Last week the Tsadra Scouts were sent to observe “academic Tantrikas” in their natural environment, The Society for Tantric Studies Conference. Composed of a relatively small group of scholars, the Society of Tantric Studies includes professors and independent scholars from several areas, mostly specialists in what we might calll “Hindu” Tantra and Buddhist Tantra. The attendees of the conference were quite diverse in terms of chosen topic, professional standing, and expertise. Although in previous years Tibetan studies was better represented, this year’s conference saw mostly Sanskrit specialists focused on Indology, Kaśmir Śaivism, Sāṃkhya, modern representations of Tantra, and comparative religions. The small numbers (perhaps 30 people) and the setting contributed to a comfortable and intimate feeling even though the topics people focused on were rather disparate. One presenter launched into a discussion of the concept of “core disgust” from a modern psychological perspective (very interesting in fact) while another discussed Satanism and modern Western esoteric traditions, and a third discussed early Śaivite divination manuals from a philological perspective. A master’s student gave a fascinating talk on the meaning and role of intellectuals using Seventeenth-century Sanskrit intellectuals as an example and established scholars David White and Gavin Flood both presented on the Netra-tantra. All of this variety contributed to a truly fascinating, if somewhat disjointed, academic conference. The variety also allowed us to observe the many behaviors and activities of academic Tantrikas in the wilds of Arizona.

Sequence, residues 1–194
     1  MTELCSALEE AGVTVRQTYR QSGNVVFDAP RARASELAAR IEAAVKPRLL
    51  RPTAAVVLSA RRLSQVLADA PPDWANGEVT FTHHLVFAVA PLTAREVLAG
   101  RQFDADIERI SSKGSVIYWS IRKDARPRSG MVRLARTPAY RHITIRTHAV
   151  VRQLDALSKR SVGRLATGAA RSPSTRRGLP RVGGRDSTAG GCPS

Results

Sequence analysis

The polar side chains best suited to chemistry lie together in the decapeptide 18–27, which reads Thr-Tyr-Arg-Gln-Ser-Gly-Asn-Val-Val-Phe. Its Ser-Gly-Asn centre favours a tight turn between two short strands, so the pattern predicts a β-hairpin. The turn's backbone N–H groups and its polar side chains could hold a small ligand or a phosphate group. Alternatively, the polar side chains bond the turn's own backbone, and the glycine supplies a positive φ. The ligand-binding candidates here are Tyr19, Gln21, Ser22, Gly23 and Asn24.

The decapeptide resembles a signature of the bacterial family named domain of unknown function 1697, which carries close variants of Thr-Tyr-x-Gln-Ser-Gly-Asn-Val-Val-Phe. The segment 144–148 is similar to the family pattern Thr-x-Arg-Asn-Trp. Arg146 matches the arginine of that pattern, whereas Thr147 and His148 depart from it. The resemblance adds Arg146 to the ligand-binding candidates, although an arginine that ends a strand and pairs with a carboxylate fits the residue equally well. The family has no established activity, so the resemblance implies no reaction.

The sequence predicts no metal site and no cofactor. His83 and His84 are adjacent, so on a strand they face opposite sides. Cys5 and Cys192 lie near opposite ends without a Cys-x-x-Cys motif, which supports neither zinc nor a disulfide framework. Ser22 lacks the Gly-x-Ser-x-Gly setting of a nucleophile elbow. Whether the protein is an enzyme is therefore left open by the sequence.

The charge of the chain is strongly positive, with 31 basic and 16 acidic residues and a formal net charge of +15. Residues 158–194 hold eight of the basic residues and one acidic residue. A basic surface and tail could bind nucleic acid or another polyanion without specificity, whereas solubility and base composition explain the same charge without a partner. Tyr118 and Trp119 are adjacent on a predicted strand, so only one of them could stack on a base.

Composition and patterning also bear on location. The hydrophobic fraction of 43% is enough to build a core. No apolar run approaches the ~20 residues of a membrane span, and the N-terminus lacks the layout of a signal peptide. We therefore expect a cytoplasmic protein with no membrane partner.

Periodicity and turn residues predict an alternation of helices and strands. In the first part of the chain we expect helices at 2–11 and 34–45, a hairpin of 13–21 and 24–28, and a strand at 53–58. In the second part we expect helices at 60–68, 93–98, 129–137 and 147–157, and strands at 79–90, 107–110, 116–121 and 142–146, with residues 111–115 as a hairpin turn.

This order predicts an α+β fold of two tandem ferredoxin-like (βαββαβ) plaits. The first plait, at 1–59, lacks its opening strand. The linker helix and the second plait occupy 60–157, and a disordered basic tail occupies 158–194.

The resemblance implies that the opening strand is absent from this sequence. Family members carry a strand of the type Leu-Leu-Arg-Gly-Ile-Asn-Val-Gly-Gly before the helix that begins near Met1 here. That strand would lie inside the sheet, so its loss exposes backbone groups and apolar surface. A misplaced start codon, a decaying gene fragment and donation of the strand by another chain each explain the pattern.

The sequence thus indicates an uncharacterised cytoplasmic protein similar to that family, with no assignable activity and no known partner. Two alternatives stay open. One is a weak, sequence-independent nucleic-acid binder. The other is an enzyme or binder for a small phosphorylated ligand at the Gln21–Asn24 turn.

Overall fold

One of the most fascinating presentations was on Abhinavagupta‘s ideas about aesthetics and it’s relationship to ethics. Professor Loriliai Biernacki proposed that through understanding Abhinavagupta we can see how ethics may be born out of the state of aesthetic wonder. She described the fascinating idea of rasa in Abhinavagupta’s aesthetics- an “undifferentiated dense mass of wonder.” The idea being, roughly, that through developing proper aesthetic sensibilities by connecting with this experience of wonder, ethical sensibility is also developed. Emphasizing the ethical element of aesthetic experience seemed a fascinating direction to me and the excellent discussion lit a fire of interest in Abhinavagupta’s ideas. I hope to read Dr. Biernacki’s paper as soon as it is available.